North Hall High School has a new band director.
The public announcement came just one day after news reports of former band director Alan Keith Kirkland’s “inappropriate relationship” with a female student.
Kirkland resigned just days before the end of the school year when school administrators confronted him about the relationship. Last Wednesday, Hall County Schools sent a letter to the Georgia Professional Standards Commission about the matter.
By Tuesday, it was time to move on, said North Hall Principal Joe Gheesling.
“Mr. Kirkland is gone and is old news,” he said. “I have to move ahead and can’t dwell on that. I need to continue to educate these kids and can’t keep looking back.”
Gheesling chose Kevin Carwile, who served as orchestra director and assistant band director at Central Gwinnett High School for 10 years. He started at Central Gwinnett after completing a master’s degree at VanderCook College of Music in Chicago with a bass and jazz emphasis, and a bachelor’s degree at Georgia State University in woodwinds. Carwile is married to Jennifer Carwile, band director at J.E. Richards Middle School in Gwinnett County, and they have an 18-month-old son.
At Central Gwinnett, Carwile focused on marching band, indoor drumline, the percussion ensemble and jazz band, and he taught music technology. He applied to the North Hall position “looking for a change” and hopes to bring his expertise to the school to enrich the award-winning program.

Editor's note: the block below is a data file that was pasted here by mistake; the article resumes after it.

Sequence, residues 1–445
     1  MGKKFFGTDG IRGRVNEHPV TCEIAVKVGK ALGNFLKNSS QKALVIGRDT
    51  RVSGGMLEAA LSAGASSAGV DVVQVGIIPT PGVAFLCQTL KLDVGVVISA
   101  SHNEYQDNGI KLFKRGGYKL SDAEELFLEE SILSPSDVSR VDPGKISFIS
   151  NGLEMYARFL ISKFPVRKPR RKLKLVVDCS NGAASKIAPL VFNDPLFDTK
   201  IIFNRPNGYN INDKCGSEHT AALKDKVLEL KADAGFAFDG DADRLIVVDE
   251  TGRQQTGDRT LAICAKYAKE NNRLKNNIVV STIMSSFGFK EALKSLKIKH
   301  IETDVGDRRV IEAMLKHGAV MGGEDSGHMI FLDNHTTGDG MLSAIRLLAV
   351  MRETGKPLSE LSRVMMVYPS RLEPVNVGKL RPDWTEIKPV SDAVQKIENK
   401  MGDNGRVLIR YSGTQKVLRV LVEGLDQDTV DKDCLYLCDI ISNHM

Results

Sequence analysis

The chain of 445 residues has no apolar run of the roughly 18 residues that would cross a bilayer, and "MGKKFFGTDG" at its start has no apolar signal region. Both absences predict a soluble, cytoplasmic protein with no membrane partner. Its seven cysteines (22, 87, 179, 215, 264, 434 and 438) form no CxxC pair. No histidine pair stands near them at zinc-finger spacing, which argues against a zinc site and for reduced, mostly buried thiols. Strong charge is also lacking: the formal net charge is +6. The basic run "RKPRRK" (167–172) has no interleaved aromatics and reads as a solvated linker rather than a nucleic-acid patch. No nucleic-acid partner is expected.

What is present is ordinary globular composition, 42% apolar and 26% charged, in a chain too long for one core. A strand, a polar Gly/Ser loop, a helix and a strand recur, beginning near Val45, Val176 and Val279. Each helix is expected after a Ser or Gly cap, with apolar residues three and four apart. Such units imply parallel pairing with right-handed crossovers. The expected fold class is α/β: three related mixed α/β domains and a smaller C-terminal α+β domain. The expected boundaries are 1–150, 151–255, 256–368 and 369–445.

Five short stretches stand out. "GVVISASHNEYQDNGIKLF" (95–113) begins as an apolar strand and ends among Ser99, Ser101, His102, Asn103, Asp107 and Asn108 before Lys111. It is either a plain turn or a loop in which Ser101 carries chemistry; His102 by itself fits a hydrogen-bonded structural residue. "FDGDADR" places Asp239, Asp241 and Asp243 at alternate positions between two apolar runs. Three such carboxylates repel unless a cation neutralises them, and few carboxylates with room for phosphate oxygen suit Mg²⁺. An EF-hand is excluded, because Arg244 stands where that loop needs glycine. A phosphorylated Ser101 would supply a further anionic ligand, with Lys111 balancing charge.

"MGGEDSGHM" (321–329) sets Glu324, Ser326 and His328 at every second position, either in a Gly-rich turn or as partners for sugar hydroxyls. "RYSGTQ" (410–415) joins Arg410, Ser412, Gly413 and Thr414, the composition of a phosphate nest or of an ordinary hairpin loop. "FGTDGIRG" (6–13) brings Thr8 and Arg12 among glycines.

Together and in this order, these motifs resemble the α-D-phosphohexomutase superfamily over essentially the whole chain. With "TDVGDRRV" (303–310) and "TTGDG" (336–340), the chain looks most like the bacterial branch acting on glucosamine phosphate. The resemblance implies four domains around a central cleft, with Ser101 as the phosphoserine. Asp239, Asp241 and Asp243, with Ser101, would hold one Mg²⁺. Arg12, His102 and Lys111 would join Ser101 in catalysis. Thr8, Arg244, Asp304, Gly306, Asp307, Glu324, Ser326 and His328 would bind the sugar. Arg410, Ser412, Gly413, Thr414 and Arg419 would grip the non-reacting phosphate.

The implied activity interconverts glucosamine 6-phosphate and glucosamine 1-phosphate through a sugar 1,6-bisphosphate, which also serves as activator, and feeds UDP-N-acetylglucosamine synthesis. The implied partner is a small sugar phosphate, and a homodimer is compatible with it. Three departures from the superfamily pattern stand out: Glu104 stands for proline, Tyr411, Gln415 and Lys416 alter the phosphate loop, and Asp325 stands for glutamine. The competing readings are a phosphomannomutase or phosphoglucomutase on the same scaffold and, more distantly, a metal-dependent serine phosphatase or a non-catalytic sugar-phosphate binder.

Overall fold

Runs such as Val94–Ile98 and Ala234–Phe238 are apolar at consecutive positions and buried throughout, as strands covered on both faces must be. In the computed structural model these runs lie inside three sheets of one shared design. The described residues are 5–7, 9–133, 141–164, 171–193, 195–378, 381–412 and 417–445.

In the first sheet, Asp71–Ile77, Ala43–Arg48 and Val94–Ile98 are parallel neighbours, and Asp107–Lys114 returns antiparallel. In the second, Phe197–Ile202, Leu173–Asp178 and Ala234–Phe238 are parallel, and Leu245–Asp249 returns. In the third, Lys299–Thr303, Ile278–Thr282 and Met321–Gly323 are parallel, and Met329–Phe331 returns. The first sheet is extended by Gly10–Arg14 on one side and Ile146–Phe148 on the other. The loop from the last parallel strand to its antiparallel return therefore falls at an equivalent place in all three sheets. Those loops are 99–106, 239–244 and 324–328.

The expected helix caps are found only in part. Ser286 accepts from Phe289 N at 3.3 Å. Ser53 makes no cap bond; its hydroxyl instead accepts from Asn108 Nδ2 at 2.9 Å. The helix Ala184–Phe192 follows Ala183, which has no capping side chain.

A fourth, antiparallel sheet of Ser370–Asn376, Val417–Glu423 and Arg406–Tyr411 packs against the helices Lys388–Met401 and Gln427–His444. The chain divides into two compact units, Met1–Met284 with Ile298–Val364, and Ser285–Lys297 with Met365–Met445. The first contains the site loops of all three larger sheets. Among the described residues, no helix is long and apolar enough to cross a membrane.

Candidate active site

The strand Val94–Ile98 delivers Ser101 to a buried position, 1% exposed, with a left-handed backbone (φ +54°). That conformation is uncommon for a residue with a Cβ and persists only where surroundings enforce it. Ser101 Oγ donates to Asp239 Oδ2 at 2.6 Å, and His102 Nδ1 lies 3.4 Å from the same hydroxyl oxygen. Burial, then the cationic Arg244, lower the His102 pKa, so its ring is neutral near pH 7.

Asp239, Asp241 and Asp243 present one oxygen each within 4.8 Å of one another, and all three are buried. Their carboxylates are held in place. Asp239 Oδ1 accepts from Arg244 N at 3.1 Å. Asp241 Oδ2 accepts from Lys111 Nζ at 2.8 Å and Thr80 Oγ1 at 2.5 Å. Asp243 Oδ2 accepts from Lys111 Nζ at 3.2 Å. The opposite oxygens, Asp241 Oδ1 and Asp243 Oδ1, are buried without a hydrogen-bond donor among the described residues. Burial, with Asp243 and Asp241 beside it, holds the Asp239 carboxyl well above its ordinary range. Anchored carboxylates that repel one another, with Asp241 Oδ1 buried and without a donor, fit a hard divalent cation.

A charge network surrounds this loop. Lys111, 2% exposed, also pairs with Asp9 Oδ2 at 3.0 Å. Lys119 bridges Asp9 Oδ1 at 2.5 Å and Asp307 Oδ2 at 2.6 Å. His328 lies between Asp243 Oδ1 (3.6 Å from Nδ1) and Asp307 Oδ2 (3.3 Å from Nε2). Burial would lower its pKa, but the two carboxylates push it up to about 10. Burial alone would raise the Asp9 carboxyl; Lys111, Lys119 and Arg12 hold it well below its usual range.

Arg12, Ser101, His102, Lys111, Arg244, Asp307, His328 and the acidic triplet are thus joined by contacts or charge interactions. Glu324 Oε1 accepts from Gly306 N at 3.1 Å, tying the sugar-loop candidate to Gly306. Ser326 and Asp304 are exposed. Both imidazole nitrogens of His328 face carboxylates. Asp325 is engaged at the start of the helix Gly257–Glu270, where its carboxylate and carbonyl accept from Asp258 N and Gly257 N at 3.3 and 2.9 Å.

“This fall we’ll do a fun show and still be competitive,” he said. “So far, we have about 96 students in marching band, and I met a lot of them last week at a meet and greet. It was more than welcoming, and they made me feel at home. I want to continue the successes of the program.”
Carwile declined to comment about filling the band director position after Kirkland’s departure.
Gheesling chose Carwile from about 80 applications and said he “looked at several things and went far beyond musical acumen.”
“I wanted the person who could best relate to the students, and he was someone who had the moral compass to provide a good example to the students,” Gheesling said Tuesday afternoon. “He came in very confident about the position, had a good sense of self, knew what the expectations of the position were and expressed several times his strong faith.”
The applications ranged from recent University of Georgia music graduates to directors with more than 30 years of experience.
Gheesling interviewed around five candidates, and Carwile “stood head and shoulders” above the others, he said.
“At the meet and greet, I told him I didn’t expect to speak or have any part in the program,” Gheesling said. “The way he answered questions and presented ideas was extremely professional and articulate.”